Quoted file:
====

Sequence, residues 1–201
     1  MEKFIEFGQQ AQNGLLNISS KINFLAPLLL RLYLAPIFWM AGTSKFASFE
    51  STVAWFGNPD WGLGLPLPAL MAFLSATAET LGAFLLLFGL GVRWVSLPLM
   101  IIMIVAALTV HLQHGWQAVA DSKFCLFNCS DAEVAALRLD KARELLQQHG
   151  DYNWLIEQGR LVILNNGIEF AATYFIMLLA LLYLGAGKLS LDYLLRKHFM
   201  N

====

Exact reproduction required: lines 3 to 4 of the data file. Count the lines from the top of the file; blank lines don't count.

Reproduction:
    51  STVAWFGNPD WGLGLPLPAL MAFLSATAET LGAFLLLFGL GVRWVSLPLM
   101  IIMIVAALTV HLQHGWQAVA DSKFCLFNCS DAEVAALRLD KARELLQQHG